“Eat, Fast, Feast: Heal Your Body While Feeding Your Soul — A Christian Guide to Fasting” by Jay W. Richards. HarperOne (San Francisco, 2020). 352 pp., $19.99.
By Kurt Jensen
As recorded in the Gospels of Matthew and Luke, Satan’s first temptation of Christ in the desert, after 40 days of fasting, involved carbohydrates.
“Forty days and 40 nights, and afterward he was hungry. The tempter came to him and said, ‘If you are the Son of God, tell these stones to become bread,'” in Matthew 4:2-3.
Jay Richards, a research assistant business professor at The Catholic University of America, observes in “Eat, Fast, Feast” — his encouragement of intermittent fasting (which is how most people do it, quite often for the health benefits) and water-only fasting (for the hardcore) — that that one little bit of the desert episode holds more meaning than people think.
Had Satan brought up bread after just four days of the fast — that first week is the worst, as this reviewer knows all too well — that would have been a much stronger temptation.
After 40 days, though, Jesus, being mortal, was far into ketosis — the term for the body burning fat at 3,500 calories per pound, instead of glucose (sugar) for energy. His fast, presumably sustained only with water, became the shield for the spiritual warfare that marked his subsequent ministry.
That’s just one of Richards’ many conclusions in this compact guide published to coincide with the beginning of Lent. He’s hardly the first to point out that fasting, as a communal discipline, is virtually a vestigial practice, in part because of the old arguments about what constituted meat and whether olive oil could be classified the same as butter, and the spread of regional dispensations.
Forget those legalities, Richards writes. Just try. It’s good for both your physical and spiritual health.
Fasting, a feature of all major faiths, is not mortification of the flesh. Daylong gorging and grazing are what punish the body instead. Fasting as part of a lifestyle gets the body working as it was intended to work.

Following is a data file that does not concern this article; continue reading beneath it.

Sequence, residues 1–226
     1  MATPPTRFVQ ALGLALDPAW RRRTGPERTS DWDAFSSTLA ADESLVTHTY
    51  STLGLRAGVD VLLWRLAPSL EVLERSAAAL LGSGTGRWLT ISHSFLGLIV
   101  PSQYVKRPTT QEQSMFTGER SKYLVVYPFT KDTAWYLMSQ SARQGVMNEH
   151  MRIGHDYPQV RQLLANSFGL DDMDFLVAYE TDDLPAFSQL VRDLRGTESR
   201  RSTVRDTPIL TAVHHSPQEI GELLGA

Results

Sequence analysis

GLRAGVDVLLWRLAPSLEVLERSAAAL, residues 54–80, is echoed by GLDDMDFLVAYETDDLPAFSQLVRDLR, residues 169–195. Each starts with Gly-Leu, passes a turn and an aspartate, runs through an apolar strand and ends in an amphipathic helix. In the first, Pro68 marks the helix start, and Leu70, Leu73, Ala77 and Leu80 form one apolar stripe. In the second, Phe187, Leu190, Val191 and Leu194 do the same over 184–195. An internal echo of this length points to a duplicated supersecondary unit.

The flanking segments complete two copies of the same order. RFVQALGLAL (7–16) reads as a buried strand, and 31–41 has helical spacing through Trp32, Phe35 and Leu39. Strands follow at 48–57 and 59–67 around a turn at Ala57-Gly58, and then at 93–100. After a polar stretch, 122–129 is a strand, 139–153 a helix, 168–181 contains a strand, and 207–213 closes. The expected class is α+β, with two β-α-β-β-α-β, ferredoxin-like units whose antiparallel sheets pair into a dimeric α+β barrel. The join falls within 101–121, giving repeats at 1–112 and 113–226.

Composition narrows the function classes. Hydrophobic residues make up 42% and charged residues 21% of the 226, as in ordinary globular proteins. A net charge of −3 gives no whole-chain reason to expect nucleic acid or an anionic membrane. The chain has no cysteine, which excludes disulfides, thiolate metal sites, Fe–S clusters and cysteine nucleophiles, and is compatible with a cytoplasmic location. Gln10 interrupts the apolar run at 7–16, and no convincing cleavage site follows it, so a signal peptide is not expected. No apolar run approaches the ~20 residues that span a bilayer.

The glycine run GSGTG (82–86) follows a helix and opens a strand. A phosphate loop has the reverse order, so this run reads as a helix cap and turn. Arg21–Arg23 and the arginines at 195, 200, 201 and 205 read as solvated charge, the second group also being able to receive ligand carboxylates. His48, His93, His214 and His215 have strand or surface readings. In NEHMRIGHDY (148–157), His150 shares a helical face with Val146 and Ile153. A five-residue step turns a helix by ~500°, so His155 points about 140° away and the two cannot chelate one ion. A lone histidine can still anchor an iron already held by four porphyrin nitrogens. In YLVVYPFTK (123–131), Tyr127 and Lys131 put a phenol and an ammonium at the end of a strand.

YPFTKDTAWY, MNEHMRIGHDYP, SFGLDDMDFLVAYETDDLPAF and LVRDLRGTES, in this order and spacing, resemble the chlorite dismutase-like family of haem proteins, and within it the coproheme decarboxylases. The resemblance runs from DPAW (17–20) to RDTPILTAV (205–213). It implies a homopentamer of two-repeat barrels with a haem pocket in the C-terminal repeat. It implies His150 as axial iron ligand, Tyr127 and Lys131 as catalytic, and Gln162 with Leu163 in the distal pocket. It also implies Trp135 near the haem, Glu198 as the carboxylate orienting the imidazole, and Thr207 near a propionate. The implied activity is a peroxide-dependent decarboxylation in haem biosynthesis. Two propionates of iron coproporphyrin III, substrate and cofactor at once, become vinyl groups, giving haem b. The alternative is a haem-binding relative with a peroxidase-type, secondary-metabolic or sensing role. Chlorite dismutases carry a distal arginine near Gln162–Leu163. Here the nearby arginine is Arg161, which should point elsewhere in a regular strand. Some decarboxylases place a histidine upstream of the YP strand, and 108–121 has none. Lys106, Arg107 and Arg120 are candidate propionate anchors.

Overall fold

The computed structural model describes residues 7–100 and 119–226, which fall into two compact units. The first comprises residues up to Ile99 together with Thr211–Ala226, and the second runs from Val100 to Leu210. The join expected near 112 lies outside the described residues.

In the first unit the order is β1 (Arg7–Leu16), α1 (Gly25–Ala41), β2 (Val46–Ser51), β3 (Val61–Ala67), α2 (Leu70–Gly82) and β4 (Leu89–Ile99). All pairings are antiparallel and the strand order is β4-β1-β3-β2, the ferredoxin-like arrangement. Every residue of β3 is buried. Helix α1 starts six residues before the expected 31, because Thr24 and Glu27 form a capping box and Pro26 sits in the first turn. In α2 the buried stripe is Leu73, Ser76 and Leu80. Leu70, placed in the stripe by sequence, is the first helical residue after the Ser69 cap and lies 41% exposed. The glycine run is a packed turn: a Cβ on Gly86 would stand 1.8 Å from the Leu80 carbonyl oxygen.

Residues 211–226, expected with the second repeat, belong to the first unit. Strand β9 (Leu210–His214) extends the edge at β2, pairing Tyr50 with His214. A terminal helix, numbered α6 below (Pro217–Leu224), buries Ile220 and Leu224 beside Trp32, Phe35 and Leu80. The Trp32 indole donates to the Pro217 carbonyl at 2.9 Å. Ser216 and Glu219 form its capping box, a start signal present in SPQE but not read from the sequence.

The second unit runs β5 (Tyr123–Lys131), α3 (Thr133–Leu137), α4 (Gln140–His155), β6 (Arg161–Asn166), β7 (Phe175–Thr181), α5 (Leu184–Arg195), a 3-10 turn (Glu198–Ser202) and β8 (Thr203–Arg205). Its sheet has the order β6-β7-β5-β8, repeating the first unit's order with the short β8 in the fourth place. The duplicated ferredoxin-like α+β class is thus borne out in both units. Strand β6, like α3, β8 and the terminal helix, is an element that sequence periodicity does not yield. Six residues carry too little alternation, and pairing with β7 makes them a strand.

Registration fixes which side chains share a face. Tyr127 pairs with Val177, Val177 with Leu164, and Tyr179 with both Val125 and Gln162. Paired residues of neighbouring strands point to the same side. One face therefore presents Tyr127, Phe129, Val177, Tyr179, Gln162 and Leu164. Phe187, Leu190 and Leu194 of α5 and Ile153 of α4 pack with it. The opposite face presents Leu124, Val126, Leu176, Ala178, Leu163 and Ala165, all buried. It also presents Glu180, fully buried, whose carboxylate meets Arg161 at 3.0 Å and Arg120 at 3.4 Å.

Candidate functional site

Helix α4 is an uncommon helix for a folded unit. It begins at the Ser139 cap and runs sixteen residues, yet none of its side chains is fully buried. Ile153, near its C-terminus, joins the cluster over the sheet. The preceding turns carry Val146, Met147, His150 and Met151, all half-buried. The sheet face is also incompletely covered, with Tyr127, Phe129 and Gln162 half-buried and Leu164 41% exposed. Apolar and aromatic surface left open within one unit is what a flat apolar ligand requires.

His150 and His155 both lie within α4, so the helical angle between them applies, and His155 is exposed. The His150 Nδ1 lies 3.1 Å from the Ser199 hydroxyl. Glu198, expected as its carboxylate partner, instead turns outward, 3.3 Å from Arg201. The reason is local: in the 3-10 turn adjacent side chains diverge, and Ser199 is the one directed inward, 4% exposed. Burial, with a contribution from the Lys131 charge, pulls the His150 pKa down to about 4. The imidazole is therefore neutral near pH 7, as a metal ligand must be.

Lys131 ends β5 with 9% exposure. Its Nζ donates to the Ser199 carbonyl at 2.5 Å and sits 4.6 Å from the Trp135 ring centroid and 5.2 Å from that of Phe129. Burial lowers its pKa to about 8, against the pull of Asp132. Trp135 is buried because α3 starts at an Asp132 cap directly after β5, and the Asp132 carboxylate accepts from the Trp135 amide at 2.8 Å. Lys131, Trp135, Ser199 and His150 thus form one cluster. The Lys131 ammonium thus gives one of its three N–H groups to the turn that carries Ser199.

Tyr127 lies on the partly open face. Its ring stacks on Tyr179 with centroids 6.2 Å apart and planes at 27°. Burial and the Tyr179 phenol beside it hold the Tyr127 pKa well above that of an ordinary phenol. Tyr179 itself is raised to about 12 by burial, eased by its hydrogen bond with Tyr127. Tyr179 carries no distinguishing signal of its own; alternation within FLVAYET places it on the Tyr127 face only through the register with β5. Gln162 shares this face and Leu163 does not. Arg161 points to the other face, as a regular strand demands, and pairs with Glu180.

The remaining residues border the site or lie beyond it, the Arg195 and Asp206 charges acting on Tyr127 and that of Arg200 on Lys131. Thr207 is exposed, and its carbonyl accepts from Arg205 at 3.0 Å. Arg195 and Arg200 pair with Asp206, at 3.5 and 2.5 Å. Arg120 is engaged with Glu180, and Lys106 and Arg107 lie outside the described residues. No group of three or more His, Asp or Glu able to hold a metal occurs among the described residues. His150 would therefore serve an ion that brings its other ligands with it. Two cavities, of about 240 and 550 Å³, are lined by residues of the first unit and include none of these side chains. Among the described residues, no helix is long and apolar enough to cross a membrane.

“I’m convinced that one reason the church is so weak is that she has abandoned this ancient spiritual practice,” he concludes. “It’s hard not to notice that a decline in fasting has tracked closely with a decline in holiness and faithfulness to perennial Christian teaching.”
But he just as quickly jumps away from that lectern to offer up several ways of easing into intermittent fasting and breaking the American addictions to starch and sugar. He also, after more than 100 pages, reminds the reader that he’s not a doctor, he’s not trying to convert anyone to veganism, and that fasting isn’t for children, pregnant women or anyone with a metabolic disorder.
Richards outlines a six-week program that includes the old favorite 5/2 (not eating on Wednesdays and Fridays); the 4/3, in which only one meal is consumed for three days; and time-restricted eating (once every 18 hours is common). He also lists ways to exercise during a fast.
He also gets to something that fasters know well but is hard to describe to others: Once your body starts to use fat as its fuel supply — breaking that sugar addiction takes about two weeks — an incredible mental clarity kicks in. That’s connected in part to renewed hormone production.
Richards also is frank about food cravings, mentioning that his involved corn chips, Cheez-Its and cheeseburgers. He neglects to mention that sometimes the cravings involve food that one hasn’t consumed in years. I once had an entire dream involving a slab of Velveeta the size of a diesel locomotive.
Hey, we’re all different.
“Eat, Fast, Feast” reads like an encouraging companion. Richards already knows how miserable you’ll feel when you begin an intermittent fast. Solitude is usually not the best way to go at it, and neither is complaining. This book is intended to organize your plan.
Kurt Jensen is a guest reviewer and freelance writer for Catholic News Service.